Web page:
Corporate Social Responsibility and Diversity and Inclusion

Developments like digitization and globalization along with an increased awareness regarding social, environmental and equity issues have raised the importance of corporate social responsibility (CSR) and diversity and inclusion (D&I), which can be considered a part of CSR. The responsibility of organizations concerns all aspects of corporate conduct, including corporate communication on CSR and D&I, marketing communication and employee communication. In our research, we address issues of transparency in CSR reporting and shed light on how organizations communicate about D&I especially with their internal stakeholders and handle D&I-related criticism.


Communicating on Diversity and Inclusion

Even though research in the field of D&I management has been going on for decades, the communication aspect has received little attention so far. Yet, communication and interaction play a significant role in determining the extent to which members of underrepresented groups feel either valued and included or disregarded and excluded at their workplace. Our research aims at identifying how employee communication can promote an inclusive work environment for all employees, no matter how “different” they may be. Yet, D&I measures such as using gender-sensitive language or quotas for underrepresented groups are also controversially discussed within organizations and in society in general. Thus, our research also sheds light on D&I-related criticism and how corporate communication deals with such critical comments and discussions.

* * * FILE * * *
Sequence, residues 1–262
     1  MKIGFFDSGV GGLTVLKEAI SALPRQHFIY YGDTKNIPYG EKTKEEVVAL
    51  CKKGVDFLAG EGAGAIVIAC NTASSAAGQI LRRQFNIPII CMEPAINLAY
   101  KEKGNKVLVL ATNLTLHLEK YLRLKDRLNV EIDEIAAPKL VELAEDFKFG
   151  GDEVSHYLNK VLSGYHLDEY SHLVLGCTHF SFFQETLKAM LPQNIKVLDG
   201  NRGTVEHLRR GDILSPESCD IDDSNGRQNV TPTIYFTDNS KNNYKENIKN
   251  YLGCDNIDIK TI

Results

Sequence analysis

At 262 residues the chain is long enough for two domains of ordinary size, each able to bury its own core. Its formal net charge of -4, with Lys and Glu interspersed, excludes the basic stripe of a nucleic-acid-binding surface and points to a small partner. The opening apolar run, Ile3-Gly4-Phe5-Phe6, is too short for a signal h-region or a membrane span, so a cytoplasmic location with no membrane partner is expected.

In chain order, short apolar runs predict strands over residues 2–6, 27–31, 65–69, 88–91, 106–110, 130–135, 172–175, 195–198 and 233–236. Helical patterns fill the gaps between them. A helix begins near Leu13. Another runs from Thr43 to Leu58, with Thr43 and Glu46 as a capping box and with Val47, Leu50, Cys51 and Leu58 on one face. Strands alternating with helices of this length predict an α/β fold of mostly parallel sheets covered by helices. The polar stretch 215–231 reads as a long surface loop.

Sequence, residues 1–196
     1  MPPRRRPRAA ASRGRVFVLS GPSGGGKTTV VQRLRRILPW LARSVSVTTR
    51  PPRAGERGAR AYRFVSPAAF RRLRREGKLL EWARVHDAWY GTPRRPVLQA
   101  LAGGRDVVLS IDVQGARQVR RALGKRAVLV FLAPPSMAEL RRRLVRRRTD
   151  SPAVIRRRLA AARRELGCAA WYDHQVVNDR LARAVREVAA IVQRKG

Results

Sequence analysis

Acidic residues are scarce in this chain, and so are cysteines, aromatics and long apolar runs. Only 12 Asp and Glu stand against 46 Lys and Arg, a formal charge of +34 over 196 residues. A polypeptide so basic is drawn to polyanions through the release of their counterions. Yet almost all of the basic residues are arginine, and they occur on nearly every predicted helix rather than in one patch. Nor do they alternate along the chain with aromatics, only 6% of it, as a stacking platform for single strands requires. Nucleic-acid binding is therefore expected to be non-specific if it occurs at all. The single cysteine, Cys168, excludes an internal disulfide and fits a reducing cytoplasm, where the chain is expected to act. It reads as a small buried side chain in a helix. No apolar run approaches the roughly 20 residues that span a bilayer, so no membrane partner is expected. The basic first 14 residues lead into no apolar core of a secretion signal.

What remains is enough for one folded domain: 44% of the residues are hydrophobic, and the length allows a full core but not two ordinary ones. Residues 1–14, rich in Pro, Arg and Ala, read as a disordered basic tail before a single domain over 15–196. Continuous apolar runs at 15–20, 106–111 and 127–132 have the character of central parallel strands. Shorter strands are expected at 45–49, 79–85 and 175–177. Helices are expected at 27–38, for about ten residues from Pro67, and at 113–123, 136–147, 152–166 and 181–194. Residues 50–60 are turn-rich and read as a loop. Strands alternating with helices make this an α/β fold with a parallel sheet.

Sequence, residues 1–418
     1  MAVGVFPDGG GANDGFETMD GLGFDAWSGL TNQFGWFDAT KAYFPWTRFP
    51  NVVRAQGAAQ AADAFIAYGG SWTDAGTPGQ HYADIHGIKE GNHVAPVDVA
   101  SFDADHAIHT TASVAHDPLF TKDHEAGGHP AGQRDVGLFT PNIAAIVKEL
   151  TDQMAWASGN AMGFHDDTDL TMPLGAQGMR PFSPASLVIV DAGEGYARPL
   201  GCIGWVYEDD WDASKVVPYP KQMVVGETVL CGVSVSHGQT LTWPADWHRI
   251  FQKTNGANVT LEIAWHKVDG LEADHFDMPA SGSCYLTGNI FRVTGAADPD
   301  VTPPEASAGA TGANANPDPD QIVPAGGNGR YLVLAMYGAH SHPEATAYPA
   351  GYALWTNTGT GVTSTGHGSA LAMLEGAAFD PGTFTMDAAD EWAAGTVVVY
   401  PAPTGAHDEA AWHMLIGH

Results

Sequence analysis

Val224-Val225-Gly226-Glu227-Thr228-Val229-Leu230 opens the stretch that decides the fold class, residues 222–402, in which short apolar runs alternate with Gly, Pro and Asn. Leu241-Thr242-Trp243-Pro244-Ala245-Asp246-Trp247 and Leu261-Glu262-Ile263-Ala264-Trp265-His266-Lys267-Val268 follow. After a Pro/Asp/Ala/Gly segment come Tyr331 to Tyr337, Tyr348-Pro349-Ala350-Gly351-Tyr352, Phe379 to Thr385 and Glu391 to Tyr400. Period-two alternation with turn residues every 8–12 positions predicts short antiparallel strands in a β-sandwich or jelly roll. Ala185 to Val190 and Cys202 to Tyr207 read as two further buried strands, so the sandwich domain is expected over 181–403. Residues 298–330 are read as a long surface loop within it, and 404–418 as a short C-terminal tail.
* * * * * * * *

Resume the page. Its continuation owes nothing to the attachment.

The project on criticism about D&I communication is funded by the Academic Society for Management & Communication in 2021.

The project Let’s Talk about Diversity and Inclusion on the role of employee communication to foster D&I in organizations was funded by the Academic Society for Management & Communication in 2020/21.

Contact: Sabine Einwiller, Ingrid Wahl



Transparency in CSR Reporting

By disclosing information on their corporate social performance over and above their financial reporting obligations firms attempt to legitimize their behavior. According to a study by KPMG, 96 percent of the world’s largest 250 firms issued CSR/sustainability reports (KPMG 2020). The proliferation in CSR reporting, however, does not lead to increased confidence in the intention of firms to report in a transparent way and to take CSR seriously. Enhancing transparency is a declared goal of the Global Reporting Initiative (GRI). A key aspect of transparency is balance, which includes disclosing “positive and negative aspects of the organization’s performance” (GRI, 2015, p. 17). In fact, one central point of criticism concerns the selectivity in CSR reporting concerning what to report on. Our analyses focus on how balanced CSR reporting is, i.e. whether firms also discuss their challenges, setbacks, and failures or whether CSR reports are mainly self-laudatory. In our research we also analyze the language applied in CSR reports to detect indications for transparency signaling and alignment with disclosure standards.

Contact: Sabine Einwiller